Key_to_Setting_Quota_CorrectlyHow many of you want to hit your number? Sounds like a no-brainer. Did you know that HOW you assign quota impacts your success? Note, I did not say HOW MUCH quota you assign? There is a difference. There are many approaches on how to assign quota. One approach is to make everyone’s even, “spread the peanut butter.” Some will look at historical data and add a growth percentage to the territory. Another approach is to pick states or accounts and build a territory from that. Unfortunately, all of these are incorrect. There is a better approach. When taking the corporate number and building quotas, you should focus on two goals:

 

  • Match the quota to the territory potential. (A territory can be a list of accounts or a geography)
  • Match the quota to the skills of your sales reps

     

Your focus should be on getting both accomplished before rolling out to your team. Don’t jump the gun or put little effort into setting quotas. Unrealistic quotas are the biggest cause of employee turnover.

 

Pitfalls to Avoid

Take a look at these pitfalls and see if any apply to you?

 

  • Giving everyone the same quota since they have the same job title
  • Assuming each territory should carry the same quota
  • Not ramping the quota when a new hire starts
  • Have role based quotas without looking at territory potential
  • Allowing the team to tell you the “potential” based on their gut feel
  • Not having a communication plan on how quotas were established
  • Allowing your “A” players to work saturated territories with little potential
  • Assigning quota equally across your sales organization

 

Sequencing is Key

Most leaders don’t understand the proper sequencing of a quota program. Many will use the approaches above. Set them too high and you will have low morale. Set them too low and you will overpay and increase costs. Spend the time now and reap the rewards later. Our research shows the cost of replacing a rep costs 7 times their salary. Don’t fall into the trap of high rep turnover due to unachievable quotas. The following two areas should be finalized before quota planning begins:

 

  1. Talent Assessment- Understand who on your team is an A, B and C player. Build a scorecard and then stack rank your sales team against the scorecard. This gives you the foundation of where your top, middle and bottom performers sit.
  2. Territory Design- The goal is to align your best reps to territories with the highest potential. This can be both new logo and existing business. You need to understand what the potential of each territory is. Once that is determined, you then assign the correct resource to cover it. A mistake would be to put a new rep in a high potential territory. They probably aren’t ready yet. On the flipside, don’t have your top rep work a saturated territory.

 

If you try to assign quotas without looking at these first, you will fail. Why? Because you are doing them out of sequence. When setting a quota, you want to set your team up for success. Take the time to assess your sales talent. Don’t wait until the year-end performance process with HR. You need to continually be measuring your individual reps’ performance. If you have gaps, work to fill them immediately. Remember that you want to match the quota given to the skill of your sales rep. Look at the territories across your organization. Rate them from highest to lowest and then match to the most qualified sales rep. If you see a problem in mid-year, make the adjustment then.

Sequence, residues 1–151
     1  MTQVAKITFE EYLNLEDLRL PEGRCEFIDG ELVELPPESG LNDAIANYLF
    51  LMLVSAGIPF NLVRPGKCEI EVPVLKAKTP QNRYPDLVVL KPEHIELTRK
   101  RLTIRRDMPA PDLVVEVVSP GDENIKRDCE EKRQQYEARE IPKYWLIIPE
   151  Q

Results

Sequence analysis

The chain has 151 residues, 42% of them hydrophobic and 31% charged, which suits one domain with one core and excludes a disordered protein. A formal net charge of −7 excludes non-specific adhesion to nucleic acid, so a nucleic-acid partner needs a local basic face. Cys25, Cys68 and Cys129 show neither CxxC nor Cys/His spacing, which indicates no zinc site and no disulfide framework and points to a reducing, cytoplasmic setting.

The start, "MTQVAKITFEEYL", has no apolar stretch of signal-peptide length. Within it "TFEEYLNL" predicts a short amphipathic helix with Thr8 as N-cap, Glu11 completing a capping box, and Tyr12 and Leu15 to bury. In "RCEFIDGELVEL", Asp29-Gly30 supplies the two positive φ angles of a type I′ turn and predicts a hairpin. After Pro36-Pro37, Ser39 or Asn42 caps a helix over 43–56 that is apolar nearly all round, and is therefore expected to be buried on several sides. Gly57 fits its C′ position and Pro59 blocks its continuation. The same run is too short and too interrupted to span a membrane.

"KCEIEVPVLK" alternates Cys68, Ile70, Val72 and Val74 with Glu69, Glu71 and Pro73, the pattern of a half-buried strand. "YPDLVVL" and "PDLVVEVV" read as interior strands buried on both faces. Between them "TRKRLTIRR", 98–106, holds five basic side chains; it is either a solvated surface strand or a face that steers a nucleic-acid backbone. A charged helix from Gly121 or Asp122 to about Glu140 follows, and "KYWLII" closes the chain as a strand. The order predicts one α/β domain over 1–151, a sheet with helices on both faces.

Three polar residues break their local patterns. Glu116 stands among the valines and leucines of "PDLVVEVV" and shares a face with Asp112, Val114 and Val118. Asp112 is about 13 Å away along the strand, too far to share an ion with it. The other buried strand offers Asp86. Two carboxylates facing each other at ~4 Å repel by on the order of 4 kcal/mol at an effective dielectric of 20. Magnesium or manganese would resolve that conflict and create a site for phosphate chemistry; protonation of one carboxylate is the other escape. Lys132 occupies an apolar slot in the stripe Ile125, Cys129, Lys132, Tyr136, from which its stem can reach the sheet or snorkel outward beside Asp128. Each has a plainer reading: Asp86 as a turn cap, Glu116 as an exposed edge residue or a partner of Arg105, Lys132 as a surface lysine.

Assigning quota correctly is key to hitting your number. Take the time to understand your talent and territories in sequence. Work with your finance and sales operations leaders. Make this an agile process that can change quarterly if needed. Put the best players on the field in the right position to be successful.

 

 

ABOUT THE AUTHOR

Josh Horstmann

Brings a deep level of experience and insight in helping organizations develop and execute their corporate, sales and marketing strategies.
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Josh specializes in helping clients solve demanding sales and marketing challenges through aligning functional strategies within an organization. He has worked with clients in manufacturing, ecommerce, software, financial services and technology sectors.

 

Recently he helped transform an international services company ‘go to market’ strategy, which included assessing talent, re-organizing the sales force, increasing team productivity, reducing the cost of sale and aligning the marketing and sales strategies.

 

Josh continues to provide thought leadership to his clients advising them on how to build inside sales teams, develop compensation programs, share best practices on social selling, transform sales organizations, drive demand generation programs and acquire and cultivate talent. Along with this he helps organizations align functional strategies.

 

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